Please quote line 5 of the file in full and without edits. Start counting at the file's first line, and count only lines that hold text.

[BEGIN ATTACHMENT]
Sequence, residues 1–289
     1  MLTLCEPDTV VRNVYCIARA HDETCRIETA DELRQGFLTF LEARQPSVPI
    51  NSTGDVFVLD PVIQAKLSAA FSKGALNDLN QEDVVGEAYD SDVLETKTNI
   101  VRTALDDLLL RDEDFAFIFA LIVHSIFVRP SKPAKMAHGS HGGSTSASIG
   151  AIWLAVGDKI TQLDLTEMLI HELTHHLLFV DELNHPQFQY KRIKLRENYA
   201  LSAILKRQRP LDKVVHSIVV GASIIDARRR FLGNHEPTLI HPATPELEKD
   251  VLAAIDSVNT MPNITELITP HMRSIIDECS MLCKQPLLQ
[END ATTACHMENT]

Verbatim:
   151  AIWLAVGDKI TQLDLTEMLI HELTHHLLFV DELNHPQFQY KRIKLRENYA